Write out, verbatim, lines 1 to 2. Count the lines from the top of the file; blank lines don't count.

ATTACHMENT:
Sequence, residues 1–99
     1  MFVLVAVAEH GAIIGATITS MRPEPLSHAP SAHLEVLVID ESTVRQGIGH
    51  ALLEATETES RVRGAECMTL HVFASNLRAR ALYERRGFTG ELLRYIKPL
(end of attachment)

Sequence, residues 1–99
     1  MFVLVAVAEH GAIIGATITS MRPEPLSHAP SAHLEVLVID ESTVRQGIGH